There is no single book dealing with the whole field of Jewish folk religion, or even with Jewish folk religion in one particular period. There are, however, numerous studies on specific aspects of Jewish folk religion in each of the major historical periods of Judaism.
Several of the standard histories of biblical Hebrew religion discuss such elements in it as folk belief, folk custom, and magic. See also Reginald C. Thompson's Semitic Magic: Its Origins and Development (London, 1908); Alfred Guillaume's Prophecy and Divination among the Hebrews and Other Semites (London, 1938); James G. Frazer's Folk-Lore in the Old Testament, 3 vols. (London, 1919); and S. H. Hooke's The Origins of Early Semitic Ritual (Oxford, 1938).
There is no study on Talmudic folk religion in general, but several books deal with Talmudic magic and other aspects of Talmudic folk belief. See Gideon Brecher's Das Transcendentale, Magie, und magische Heilarten im Talmud (Vienna, 1850), mainly of historical interest as a pioneering study; Ludwig Blau's Das altjüdische Zauberwesen (Strasbourg, 1898), still very valuable; Samuel Daiches's Babylonian Oil Magic in the Talmud and Later Jewish Literature (Oxford, 1913); Sefer harazim, edited by Mordechai Margalioth (Jerusalem, 1969); and my Man and Temple in Ancient Jewish Myth and Ritual (1947; 2d ed., New York, 1967).
Middle Ages and Later Times
The subject most thoroughly researched within the general field of medieval and later Jewish folk religion is magic. See in particular The Sword of Moses: An Ancient Book of Magic, edited by Moses Gaster (London, 1896), and Gaster's Studies and Texts in Folklore, Magic, Medieval Romance, Hebrew Apocrypha, and Samaritan Archaeology, 3 vols. (1925–1928; reprint, New York, 1971); Hermann Gollancz's Book of the Key of Solomon, in Hebrew and English (Oxford, 1914); Joshua Trachtenberg's Jewish Magic and Superstition (1939; reprint, New York, 1982); H. J. Zimmels's Magicians, Theologians and Doctors (London, 1952).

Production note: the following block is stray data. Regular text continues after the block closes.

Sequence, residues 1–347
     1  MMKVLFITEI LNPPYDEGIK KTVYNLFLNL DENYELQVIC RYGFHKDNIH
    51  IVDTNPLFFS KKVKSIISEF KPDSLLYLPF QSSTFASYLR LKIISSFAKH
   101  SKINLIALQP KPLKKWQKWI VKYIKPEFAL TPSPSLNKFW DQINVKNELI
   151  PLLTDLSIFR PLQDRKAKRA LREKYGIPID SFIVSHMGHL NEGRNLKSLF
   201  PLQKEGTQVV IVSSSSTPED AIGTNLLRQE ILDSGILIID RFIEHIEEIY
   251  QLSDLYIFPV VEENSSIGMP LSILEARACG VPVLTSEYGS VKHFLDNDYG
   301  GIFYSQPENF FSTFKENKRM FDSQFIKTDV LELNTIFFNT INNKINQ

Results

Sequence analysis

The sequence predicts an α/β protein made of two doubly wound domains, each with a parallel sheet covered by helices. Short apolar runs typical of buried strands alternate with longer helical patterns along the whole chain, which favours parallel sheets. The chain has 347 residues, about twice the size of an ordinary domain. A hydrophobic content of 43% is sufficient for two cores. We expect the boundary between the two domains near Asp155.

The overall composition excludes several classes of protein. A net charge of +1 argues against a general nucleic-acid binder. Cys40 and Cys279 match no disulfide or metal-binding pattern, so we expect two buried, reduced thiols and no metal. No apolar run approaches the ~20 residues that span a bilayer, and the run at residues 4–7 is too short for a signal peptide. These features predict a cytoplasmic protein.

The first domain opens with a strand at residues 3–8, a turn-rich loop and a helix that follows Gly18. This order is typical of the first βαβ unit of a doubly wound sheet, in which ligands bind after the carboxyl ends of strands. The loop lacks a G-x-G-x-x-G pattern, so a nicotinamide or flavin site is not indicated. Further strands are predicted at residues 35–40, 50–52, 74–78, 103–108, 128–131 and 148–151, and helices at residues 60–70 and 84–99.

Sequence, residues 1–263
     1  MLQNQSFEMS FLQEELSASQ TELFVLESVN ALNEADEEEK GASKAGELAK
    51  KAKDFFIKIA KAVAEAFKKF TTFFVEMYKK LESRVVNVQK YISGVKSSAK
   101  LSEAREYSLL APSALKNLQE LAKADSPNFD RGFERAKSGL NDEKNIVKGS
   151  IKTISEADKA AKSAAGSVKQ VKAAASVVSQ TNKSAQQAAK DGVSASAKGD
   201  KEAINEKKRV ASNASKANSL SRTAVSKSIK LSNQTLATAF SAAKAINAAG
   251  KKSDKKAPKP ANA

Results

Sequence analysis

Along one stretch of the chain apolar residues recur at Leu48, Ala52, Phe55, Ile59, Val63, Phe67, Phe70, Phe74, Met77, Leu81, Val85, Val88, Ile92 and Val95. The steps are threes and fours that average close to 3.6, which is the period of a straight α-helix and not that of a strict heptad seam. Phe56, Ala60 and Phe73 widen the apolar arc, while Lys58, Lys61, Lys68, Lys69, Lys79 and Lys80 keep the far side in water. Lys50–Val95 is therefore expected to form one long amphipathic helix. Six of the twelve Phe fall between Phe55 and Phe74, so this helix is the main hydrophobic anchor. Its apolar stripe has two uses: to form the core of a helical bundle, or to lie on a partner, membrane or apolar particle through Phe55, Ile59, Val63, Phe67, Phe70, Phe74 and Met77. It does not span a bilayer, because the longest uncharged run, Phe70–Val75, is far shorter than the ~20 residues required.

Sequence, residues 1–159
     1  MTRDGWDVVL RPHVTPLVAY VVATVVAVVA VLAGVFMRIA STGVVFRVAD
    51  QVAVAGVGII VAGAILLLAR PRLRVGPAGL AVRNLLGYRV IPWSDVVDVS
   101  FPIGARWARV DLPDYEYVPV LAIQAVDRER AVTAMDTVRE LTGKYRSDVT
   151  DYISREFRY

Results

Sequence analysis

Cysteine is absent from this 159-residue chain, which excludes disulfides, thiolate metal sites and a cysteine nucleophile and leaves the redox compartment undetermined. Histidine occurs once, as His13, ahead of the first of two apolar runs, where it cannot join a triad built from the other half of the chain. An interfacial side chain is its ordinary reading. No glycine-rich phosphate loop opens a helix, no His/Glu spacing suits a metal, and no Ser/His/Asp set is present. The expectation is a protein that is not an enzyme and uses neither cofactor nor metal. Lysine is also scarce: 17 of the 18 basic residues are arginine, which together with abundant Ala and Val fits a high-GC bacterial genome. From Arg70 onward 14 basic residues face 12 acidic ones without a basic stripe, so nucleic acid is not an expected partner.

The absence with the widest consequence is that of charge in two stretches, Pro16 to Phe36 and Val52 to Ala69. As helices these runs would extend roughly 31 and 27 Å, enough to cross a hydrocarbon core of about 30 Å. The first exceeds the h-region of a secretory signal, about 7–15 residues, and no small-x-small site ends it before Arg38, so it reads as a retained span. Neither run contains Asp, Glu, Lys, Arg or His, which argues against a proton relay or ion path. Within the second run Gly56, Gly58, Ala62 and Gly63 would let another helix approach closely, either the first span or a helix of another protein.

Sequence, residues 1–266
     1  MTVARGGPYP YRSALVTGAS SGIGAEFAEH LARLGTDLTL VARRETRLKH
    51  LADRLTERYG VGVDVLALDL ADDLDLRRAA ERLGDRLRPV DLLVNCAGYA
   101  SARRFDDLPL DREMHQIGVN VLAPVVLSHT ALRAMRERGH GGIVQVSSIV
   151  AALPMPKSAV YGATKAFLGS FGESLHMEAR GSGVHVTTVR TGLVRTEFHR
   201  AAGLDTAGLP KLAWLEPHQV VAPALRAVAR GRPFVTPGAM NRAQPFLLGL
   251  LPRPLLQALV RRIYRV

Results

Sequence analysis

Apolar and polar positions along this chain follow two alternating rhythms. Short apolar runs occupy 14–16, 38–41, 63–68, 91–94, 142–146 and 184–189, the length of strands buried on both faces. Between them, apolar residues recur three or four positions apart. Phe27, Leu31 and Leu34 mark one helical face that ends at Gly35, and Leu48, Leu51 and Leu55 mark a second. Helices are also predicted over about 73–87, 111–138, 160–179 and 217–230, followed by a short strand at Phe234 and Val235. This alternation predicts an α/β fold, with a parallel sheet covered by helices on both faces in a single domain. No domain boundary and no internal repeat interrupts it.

Among the books dealing with special subjects within the general field of Jewish folk religion the following should be mentioned: Michael L. Rodkinson's History of Amulets, Charms, and Talismans (New York, 1893); Theodore Schrire's Hebrew Amulets (London, 1966); reprinted as Hebrew Magic Amulets (New York, 1982); Angelo S. Rappoport's The Folklore of the Jews (London, 1937); my On Jewish Folklore (Detroit, 1983); and Michael Molho's Usos y costumbres de los Sefardíes de Salónica (Madrid, 1950).
Much material on Jewish folk religion is contained in the journals devoted to Jewish folklore and folk life: Mitteilungen zur jüdischen Volkskunde (Berlin, 1898–1929) and Jahrbuch für jüdische Volkskunde (Berlin, 1923–1925), both edited by Max Grunwald; Edoth: A Quarterly for Folklore and Ethnology (in Hebrew and English), edited by myself and Joseph J. Rivlin (Jerusalem, 1945–1948); and Yedaʿ-ʿAm, edited by Yom-Tov Levinsky (Tel Aviv, 1948–).
Cohen, Shaye J. D., ed. The Jewish Family in Antiquity. Atlanta, 1993.
King, Philip J., and Laurence E. Stager. Life in Biblical Israel. Louisville, Ky., 2001.
Lowenstein, Steven M. Frankfurt on the Hudson: The German-Jewish Community of Washington Heights, 1933-1983, Its Structure and Culture. Detroit, Mich., 1989.
Lowenstein, Steven M. "The Shifting Boundary between Eastern and Western Jewry." Journal of Social Studies, 4 (Fall 1997): 60–79.
Lowenstein, Steven M. The Jewish Cultural Tapestry: International Jewish Folk Traditions. New York, 2000.
Malina, Bruce J. The Social World of Jesus and the Gospels. New York, 1996.
Niditich, Susan. Ancient Israelite Tradition. New York, 1997.
Raphael Patai (1987)